A day without gates!

After a month of battling gates it was liberating to say the least to jump in the car on Saturday night after my session and drive west. I realised perhaps a little late that the drive that was gonna take me to the river called Ara might be a little long after two sessions on the water – four hours winding up and down over spectacular mountain passes and valleys. But one thing is for sure: This part of Spain is magic.

The Ara is a gem of a river that flows from the heart of the Pyrenees with 3000 mts peaks dominating the view. The river is born high up at the Ara glaciar and flows about 79 kilometers before it joins with the  rio Cinca. The water of the Ara flows crystal clear through the small town of Bruto – and I found the boys at a campground called Oto – which also happened to be our take-out the next day. This is where Edu bases out of as a guide for a great rafting company called UR Nomade -make sure to check them out if you are ever interested in a an amazing river experience on the Ara: www.urnomade.com

Ander, Edu, Mariann and Flo


Driving up the valley the next morning I could not keep my eyes from the surroundings – blue sky, towering walls, deep river canyons and soon – plenty of whitewater. The Bujaruelo is a tributary to the Ara, and is a well known run in the area. Starting at the refugio of Bujaruelo, we floated under an amazing roman bridge, and I knew that we were in for good times. More than 15 kms of whitewater ahead, blue bird, lush valley and good friends – what else can be asked for?

Mariann being stoked even before the paddle!


As we were getting into the goods I very quickly named this run the Hobbit run – because it was as taken straight out of Tolkien´s fantasy. Green, lush canyon walls, thousands of class four rapids, a couple of portages and endless boofs and smiles. Waterfalls were cascading in over the dark canyon walls, and more than once I felt extreme happiness of being able to be right then and there.

Spanish paddler Edu Sola was the token guide, and I followed his clean lines and spot-on boofs down the river. With only twenty years under his belt he has already knocked off plenty of first-descents and paddles lines that many paddlers walk away from – I am not sure what it is with the spaniards but they seem to breed a fine line of kayakistas in the Pirineos..

Edu Sola is ripping in this Waka Tutea


I paddled with Edu in Chile this year, and also with Flo (Duval) who had made the trip over the mountains from his home town in France. It was incredibly nice to spend some time with these guys, and to see their area. I am not gonna lie – I was quite surprised of the quality of the whitewater, the scenery, well.. everything. I was also excited to try the Tutea from Waka kayaks – it is perfect for this kind of river running. It boofs over anything and since it is a bit shorter than I am used to, I also found it extremely easy to turn. I do think that the Tuna is my choice of boat for Norway though – I like the extra volume and length to get me through the holes and stay on top of the water more. In addition to paddling the Waka Kayaks I am also gonna cruise around in a Lettman Granate L this summer – and rock my Jackson playboat…. I am keen on testing as many boats as possible to find my favorites. Ok, ok, back to the Pyrinees…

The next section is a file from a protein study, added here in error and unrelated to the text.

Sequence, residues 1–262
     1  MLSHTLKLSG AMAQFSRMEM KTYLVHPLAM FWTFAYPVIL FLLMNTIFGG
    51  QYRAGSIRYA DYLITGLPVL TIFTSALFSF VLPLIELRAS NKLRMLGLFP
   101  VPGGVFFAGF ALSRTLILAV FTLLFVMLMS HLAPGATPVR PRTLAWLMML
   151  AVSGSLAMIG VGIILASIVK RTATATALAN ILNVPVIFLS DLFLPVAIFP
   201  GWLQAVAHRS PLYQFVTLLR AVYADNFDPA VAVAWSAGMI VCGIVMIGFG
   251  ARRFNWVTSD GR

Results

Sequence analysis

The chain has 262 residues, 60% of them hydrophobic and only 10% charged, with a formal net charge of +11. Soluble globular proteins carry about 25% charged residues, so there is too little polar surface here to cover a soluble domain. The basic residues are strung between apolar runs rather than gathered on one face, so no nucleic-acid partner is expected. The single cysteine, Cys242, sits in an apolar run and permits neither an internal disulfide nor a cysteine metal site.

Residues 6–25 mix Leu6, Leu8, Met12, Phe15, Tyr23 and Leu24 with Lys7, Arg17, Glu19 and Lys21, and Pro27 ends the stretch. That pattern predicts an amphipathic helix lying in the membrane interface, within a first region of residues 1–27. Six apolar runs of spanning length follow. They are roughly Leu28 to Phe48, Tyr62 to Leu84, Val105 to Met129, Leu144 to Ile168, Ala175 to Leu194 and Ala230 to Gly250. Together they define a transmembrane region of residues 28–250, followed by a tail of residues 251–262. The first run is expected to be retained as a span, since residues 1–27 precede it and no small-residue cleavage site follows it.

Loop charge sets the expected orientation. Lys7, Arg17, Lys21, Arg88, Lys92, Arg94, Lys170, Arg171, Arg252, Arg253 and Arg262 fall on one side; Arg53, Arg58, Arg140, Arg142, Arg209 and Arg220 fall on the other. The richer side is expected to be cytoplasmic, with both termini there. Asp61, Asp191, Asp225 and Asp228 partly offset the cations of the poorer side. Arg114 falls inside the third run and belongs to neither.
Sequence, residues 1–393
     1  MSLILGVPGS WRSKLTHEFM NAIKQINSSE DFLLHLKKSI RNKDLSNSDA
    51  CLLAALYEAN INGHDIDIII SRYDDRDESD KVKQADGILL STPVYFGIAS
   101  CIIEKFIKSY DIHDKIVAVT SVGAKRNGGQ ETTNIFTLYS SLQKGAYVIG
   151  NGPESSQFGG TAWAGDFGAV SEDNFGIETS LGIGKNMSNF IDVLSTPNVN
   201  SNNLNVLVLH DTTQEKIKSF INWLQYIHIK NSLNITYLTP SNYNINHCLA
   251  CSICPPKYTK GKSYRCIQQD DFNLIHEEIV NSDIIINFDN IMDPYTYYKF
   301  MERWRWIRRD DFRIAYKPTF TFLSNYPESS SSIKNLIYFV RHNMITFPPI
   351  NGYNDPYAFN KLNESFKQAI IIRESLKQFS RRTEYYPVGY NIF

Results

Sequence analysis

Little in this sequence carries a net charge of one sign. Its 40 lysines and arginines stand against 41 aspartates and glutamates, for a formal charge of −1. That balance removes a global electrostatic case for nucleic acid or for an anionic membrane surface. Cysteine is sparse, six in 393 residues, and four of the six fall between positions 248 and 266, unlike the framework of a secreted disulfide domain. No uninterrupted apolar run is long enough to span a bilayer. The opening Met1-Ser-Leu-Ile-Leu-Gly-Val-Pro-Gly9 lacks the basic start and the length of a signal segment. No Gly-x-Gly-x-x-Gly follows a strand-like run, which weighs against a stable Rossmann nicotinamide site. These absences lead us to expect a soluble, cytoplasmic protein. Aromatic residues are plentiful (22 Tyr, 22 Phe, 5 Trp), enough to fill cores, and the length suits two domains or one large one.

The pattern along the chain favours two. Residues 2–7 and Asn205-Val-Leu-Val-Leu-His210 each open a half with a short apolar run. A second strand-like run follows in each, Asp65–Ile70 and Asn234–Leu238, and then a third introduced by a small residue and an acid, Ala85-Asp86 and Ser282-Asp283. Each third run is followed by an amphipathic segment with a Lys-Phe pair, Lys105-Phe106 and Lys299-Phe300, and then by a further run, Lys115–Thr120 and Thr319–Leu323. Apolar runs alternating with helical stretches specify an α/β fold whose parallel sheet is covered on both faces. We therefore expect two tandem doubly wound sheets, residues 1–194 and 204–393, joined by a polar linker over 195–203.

After watching Edu style the biggest slide on the river which was juicy with a high flow, we cruised down some Disneyland slides straight into the lunch eddy. After a little feast we paddled into the Ara, cruising down from Puente los Navarros to and through the rafting section. In the Navarros section there were some sweet rapids. I am not too used to the tight gorges with a lot of rocks/siphons/trees, so for me it was a real treat to get more water under my kayak in this section. One of the more fun rapids is called the Pasarela due to the remnants of an old bridge, and another one is called the Chicane, which fittingly enough, is a move in slalom! The Pasarela went smooth, but the Chicane was my favorite.  It is an amazing s-bend consisting of two curlers, without gates, even if Flo spotted an upstream in a real odd eddy in the middle of the rapid. 😉


Upon reaching take-out I was so happy for my day off from the slalom gates. It was very tempting to just stay there and enjoy the river life – but in the end I was a good girl, packed the car and headed back to La Seu to do two more days of training. In fact, the next morning I had the best training session so far in one month – obviously mixing it up is a good thing!


Thank you, boys, it was a real pleasure!